It’s typical of me that I’d start of this project with a book that’s famously difficult to describe. Almost everyone has heard of Godel, Escher, Bach: An Eternal Golden Braid, but unless you’ve read it you probably don’t know what it’s about.
Godel, Escher, Bach is mainly non-fiction, hitting topics from math, computer science, and physics, to art, music, linguistics, philosophy, and many more. In between the main chapters on these topics are a series of humorous skits and dialogues, most featuring the characters of Achilles and the Tortoise. (Hofstadter borrowed this idea from a passage by Lewis Carroll, which also appears in the book.)
What is the actual main topic? I would say that there are two. The first is a mathematical concept known as Godel’s Impossibility Theorem. The second is the question of the human brain and consciousness and what separates it from artificial intelligences. However, if I emphasized these technical aspects of the book, I might scare you off, so let me quickly add that the book is not truly “about” those things, nor is it really about anything. Rather, it is constantly bouncing and weaving among many different things, in a manner that I’ve never seen equaled in any other book. This is the real key to Hofstadter’s fame and genius, that he can write about complicated mathematical topics and seamlessly integrate references to the Music of Bach and the Art of Escher and others along with comics, puns, his own graduate thesis in physics, computer readouts, and a great deal more.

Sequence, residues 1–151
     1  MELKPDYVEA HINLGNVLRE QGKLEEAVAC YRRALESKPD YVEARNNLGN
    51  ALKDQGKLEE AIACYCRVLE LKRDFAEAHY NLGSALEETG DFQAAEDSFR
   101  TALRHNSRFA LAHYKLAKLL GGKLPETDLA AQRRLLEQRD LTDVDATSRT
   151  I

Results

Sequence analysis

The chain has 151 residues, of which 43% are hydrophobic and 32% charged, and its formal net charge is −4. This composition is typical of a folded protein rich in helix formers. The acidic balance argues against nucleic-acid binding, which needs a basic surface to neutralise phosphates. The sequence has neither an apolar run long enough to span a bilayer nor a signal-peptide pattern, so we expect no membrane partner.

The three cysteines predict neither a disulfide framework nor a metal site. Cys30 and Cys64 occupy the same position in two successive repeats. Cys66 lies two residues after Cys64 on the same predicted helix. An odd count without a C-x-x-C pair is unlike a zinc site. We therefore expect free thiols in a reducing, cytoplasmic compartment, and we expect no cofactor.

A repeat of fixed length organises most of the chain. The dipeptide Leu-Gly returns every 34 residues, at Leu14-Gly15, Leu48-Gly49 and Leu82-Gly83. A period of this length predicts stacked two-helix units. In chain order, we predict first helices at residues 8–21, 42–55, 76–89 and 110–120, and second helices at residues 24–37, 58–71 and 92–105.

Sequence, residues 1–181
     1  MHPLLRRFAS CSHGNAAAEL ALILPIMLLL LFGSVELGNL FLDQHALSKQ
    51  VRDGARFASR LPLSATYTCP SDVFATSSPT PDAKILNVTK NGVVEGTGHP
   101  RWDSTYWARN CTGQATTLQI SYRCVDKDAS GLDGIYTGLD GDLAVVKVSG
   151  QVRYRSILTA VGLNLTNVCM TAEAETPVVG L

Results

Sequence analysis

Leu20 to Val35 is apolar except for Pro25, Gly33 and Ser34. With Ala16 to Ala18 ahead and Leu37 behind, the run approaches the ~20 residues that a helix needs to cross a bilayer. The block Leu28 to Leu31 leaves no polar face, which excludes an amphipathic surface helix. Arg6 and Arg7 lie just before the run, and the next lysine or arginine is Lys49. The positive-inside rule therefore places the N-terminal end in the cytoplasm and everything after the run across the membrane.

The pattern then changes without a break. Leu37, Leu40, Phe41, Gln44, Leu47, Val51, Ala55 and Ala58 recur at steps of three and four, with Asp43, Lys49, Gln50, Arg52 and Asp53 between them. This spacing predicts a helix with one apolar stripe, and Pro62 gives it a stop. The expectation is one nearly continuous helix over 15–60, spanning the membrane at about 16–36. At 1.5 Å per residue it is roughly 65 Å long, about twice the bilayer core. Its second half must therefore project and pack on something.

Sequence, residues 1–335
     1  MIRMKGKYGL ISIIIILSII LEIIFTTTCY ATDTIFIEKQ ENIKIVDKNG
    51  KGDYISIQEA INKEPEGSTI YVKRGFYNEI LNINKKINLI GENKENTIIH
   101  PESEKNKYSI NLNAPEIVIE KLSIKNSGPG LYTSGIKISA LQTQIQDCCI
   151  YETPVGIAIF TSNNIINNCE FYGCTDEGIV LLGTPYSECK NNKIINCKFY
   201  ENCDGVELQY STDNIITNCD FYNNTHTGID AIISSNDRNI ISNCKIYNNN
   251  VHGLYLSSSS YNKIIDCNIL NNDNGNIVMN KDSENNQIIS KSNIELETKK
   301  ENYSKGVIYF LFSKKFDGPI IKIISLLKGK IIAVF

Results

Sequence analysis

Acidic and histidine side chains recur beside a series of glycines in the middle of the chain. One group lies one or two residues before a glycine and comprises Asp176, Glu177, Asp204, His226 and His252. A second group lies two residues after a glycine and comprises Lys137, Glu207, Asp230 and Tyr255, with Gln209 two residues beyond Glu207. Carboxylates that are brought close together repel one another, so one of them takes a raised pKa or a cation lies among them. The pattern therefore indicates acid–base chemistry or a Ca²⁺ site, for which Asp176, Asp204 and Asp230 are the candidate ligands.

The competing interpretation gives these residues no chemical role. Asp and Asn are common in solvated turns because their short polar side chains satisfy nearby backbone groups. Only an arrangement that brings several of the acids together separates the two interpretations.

If you have not read Godel, Escher, Bach, it should be in your to-read pile. Let me say one word of warning, however. This is not a book to be read in an hour, nor in a day, a week, a month, and possibly not even in a year. It is a book that must be savored slowly and carefully and revisited again and again throughout a lifetime, with the effect growing each time you return.